4.5 5 5.2 5.35

15 1.475 2.1 2.25 2.45

6.35 6.95 7.05 7.25

17.5 1.05 1.325 1.575 1.875

8.45 8.75 8.95 9.15

20 0.65 0.95 1.225 1.475

10.6 10.8 11.1 11.2

19-Mar 16-Apr 18-Jun 17-Sep-05

Figure 1: Cell Therapeutics Option Prices

(a) Estimate:

i. The number of trading days to maturity on each of the option

series.

ii. The approximate annualized continuously compounded yield-tomaturity

for each expiration date.

(b) Calculate the implied volatilities for each put series, and plot these

volatility “smiles” on one graph.

3

(c) How do the implied volatility vary across strike and time to maturity?

i. Does it look like a smile, or a smirk? Or something else?

ii. How can you reconcile these implied volatilities with the historic

vol.?

iii. What sort of stock price dynamics might support the volatility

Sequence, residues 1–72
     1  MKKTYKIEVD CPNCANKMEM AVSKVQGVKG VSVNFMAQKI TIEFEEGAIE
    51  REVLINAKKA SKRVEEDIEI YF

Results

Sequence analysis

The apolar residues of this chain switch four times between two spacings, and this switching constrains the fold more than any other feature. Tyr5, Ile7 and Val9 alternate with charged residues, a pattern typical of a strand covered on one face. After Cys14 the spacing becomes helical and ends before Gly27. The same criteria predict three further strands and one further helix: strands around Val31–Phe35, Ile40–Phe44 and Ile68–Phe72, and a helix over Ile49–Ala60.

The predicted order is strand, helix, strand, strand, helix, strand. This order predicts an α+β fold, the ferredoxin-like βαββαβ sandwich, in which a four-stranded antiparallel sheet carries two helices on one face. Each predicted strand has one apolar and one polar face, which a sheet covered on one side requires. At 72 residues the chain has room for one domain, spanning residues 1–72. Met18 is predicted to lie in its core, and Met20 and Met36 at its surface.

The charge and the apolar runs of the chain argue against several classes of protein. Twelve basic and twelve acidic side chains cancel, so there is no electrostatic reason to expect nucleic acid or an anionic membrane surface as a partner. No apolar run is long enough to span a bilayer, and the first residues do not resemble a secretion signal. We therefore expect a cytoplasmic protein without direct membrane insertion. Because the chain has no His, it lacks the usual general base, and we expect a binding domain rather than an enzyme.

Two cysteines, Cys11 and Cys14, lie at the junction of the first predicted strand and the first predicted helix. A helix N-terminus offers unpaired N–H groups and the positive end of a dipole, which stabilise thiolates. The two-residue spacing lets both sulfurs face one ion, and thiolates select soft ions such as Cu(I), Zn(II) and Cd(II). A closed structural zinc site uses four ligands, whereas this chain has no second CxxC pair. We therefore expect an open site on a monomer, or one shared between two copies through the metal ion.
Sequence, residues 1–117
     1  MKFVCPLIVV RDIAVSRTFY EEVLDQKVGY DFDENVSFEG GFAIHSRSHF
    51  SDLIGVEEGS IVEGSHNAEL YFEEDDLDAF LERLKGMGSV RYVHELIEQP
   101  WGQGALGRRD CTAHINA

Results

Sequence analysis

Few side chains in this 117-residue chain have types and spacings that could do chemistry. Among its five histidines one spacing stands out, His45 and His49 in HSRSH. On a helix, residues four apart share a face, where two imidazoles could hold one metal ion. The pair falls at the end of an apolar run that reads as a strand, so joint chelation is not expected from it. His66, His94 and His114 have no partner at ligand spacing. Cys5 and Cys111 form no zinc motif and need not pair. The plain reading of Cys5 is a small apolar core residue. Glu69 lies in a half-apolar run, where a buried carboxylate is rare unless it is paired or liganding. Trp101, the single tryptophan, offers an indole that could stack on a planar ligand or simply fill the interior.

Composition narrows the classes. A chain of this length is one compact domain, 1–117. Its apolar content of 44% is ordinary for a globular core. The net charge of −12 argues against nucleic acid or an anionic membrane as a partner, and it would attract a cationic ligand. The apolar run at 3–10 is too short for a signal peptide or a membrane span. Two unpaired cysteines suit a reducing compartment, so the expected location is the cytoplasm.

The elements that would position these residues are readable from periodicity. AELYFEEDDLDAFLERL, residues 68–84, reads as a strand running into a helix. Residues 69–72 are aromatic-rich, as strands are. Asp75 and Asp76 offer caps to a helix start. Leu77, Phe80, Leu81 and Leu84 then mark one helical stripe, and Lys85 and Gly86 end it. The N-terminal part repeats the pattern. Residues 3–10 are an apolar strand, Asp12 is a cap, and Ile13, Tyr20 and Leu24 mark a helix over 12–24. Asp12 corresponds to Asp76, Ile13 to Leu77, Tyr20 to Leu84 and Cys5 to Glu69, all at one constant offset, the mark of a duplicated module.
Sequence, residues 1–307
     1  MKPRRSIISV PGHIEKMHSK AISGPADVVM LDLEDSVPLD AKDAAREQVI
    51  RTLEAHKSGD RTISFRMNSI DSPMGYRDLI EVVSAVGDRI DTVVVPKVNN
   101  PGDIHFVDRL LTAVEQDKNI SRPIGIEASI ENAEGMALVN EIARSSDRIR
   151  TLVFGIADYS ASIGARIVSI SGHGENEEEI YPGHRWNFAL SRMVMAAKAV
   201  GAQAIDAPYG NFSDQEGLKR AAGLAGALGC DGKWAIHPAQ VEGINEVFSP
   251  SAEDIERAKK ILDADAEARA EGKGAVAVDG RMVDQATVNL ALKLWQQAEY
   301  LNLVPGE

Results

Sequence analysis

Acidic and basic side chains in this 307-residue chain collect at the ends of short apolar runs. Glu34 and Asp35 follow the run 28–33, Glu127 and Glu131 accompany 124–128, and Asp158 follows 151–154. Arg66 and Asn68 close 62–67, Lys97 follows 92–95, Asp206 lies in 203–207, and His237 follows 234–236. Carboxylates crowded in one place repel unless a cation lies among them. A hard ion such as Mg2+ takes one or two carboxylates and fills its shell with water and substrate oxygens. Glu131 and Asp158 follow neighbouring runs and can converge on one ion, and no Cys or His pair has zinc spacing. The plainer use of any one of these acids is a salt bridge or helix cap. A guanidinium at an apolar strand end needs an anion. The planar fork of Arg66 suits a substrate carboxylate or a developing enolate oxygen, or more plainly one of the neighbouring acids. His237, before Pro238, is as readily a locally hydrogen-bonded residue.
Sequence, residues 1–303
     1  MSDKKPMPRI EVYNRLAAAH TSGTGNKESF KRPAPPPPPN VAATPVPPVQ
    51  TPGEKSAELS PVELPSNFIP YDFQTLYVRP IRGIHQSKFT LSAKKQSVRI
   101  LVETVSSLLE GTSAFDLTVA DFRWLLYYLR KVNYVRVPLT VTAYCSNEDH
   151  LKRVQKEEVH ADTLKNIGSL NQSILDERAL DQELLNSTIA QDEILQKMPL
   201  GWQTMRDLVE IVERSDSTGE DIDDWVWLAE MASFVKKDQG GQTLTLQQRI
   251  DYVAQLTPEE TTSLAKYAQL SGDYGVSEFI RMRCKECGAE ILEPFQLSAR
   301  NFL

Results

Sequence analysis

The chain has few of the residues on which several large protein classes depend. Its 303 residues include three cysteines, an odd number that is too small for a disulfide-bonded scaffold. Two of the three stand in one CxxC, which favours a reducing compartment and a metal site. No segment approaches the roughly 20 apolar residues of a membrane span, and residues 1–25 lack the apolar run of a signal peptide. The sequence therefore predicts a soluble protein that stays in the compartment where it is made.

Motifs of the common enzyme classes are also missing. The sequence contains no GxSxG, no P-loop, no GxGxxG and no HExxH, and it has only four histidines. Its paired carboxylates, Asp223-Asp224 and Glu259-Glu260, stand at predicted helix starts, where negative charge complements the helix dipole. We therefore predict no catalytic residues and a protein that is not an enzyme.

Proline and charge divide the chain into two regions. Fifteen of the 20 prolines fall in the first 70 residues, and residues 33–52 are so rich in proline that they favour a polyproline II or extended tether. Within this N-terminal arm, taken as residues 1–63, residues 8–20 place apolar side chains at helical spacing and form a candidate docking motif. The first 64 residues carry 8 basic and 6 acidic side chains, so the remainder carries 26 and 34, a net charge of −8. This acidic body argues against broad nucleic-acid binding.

surface you’ve just produced?

(d) In the “smile” lecture we made an ad-hoc adjustment for earnings announcements:

we added a few days to the contract life (the exact number

depends on the size of the firm’s historical earnings announcement

surprises). This was intended to adjust for the impact of the earnings

announcement volatility, which added uncertainty to the returns to the

underlying over the life of the contract.

If the expected surprise it big, this adjustment (which could then be

months) will also have a material impact on the time discounting,

something we would like to avoid. The holding period adjustment

followed

p

return variance D

q

n 2

NEAD C

2

EA

D

q

.n

1/ 2

NEAD C

2

NEAD C

2

EA

D

q

.n

1/ 2

NEAD C

2

EAD

D

vuut.n

1/ 2

NEAD C

2

EAD

2

NEAD !

2

NEAD

D NEAD

vuut.n

1/ C

2

EAD

2

NEAD !

That is, the “

p

T ” that goes in Black-Scholes used the standard deviation

of non-earnings announcement day returns, but added